Should the hability to reach almost any song and instantly, have it on your ears, increase our musical understandings?

From the point of view of an analitical mind, maybe, since, it's a powerful tool to access different styles, contexts, etc.
But also lead us to an excesive generalization, and it's harder to focus on something. We have so much music in our hands, that sometimes, I appreciate a lot the silence....
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Re: Your thoughts about rompler synthesis

Post by Shreddie » Sun Feb 13, 2011 3:39 am

CapnMarvel wrote:I've yet to find a really, really great Mellotron sample outside of a few of the ones on the JV's 60's and 70's ROM board.
Alesis Fusion with the Hollowsun soundpacks mate, probably the best Mellotron patches outside of a Mellotron.
guitarsandsynths wrote:I think romplers are fantastic instruments.
They democratized music production. Anybody with good musical taste, good programing skills and a good rompler is good to go. It's a one stop solution. Off course they're not analog synthesizers. Ehehe.... But nowadays they're even vintage! :lol: And who can afford a grand piano? :cry: I have a TS10 and it's a fantastic board. It gets a lot of use.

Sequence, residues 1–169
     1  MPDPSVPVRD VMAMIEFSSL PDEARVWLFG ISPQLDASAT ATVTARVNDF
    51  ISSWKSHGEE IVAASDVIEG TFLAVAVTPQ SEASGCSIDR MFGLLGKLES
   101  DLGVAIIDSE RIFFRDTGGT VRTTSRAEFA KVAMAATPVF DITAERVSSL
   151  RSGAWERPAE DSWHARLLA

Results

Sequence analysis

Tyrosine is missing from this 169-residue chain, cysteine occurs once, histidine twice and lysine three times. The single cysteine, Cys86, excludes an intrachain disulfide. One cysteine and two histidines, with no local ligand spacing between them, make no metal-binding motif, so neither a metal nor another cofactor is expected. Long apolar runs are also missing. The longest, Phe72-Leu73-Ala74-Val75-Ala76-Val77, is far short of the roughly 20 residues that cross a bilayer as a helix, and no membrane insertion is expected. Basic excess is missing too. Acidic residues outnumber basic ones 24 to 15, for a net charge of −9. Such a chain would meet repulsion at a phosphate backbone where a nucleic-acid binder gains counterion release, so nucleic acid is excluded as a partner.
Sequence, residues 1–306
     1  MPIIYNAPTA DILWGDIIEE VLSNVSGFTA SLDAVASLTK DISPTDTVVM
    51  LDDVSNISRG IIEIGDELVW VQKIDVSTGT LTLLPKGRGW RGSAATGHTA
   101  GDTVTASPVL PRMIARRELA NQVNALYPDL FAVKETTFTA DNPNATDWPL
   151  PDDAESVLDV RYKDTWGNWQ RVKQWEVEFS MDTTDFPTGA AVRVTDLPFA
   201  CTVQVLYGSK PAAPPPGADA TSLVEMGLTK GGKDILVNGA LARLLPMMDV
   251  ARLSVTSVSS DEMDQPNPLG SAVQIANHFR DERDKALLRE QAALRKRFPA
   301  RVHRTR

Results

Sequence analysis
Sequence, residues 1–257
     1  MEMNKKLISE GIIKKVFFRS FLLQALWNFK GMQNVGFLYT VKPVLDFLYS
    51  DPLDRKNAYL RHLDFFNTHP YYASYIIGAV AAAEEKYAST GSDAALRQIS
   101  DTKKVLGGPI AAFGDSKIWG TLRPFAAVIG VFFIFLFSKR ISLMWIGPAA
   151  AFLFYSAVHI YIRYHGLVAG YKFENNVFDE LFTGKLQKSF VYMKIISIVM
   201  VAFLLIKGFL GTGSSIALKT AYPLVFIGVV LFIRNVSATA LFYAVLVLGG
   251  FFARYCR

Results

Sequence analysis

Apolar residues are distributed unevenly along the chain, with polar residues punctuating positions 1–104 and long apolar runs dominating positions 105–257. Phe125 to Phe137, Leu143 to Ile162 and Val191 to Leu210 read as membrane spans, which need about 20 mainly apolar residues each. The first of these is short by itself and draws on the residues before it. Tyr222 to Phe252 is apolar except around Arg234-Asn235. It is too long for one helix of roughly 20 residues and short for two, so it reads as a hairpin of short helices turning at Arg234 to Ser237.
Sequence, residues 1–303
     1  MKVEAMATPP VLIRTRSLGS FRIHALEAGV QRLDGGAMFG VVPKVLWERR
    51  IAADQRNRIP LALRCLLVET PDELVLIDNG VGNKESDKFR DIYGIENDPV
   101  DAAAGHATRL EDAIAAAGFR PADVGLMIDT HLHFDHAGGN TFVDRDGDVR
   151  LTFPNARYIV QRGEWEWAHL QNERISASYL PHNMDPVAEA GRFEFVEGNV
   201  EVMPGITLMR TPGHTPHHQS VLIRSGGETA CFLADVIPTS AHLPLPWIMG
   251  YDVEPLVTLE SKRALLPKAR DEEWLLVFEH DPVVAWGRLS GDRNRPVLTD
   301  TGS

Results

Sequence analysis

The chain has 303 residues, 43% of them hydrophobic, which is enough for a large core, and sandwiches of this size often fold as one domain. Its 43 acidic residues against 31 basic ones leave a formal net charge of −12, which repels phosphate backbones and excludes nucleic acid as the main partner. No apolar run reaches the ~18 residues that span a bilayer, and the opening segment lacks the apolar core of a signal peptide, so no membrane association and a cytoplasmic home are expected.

And ultimately it's not about the instrument, but the music you make with it. 8-)
+1 Apart from the grand piano bit, you can get a second hand baby grand for far less than you may pay for a vintage analogue (or even a new one) these days. I very nearly bought myself a truly beautiful (and lovely sounding) Austrian Baby grand made in 1908 a couple of years back, it would've cost me £750... There's loads available for £1000 or less.

Romplers are brilliant things and for anyone who thinks they're limited, they've either not used a decent one or haven't dug deep enough... Many workstation romplers are deeper than your average analogue synth. And in the case of the Alesis Fusion, it's easily comparable in depth to the Andromeda. Just because many romplers don't have the complex looking knob laden facade of analogue's or VA's it doesn't mean they're any less complex, infact the opposite is often true and that's why alot of synth newbies have trouble with them... Not only do they have a complex synth engine to deal with but they have to learn to navigate an often complex menu system too.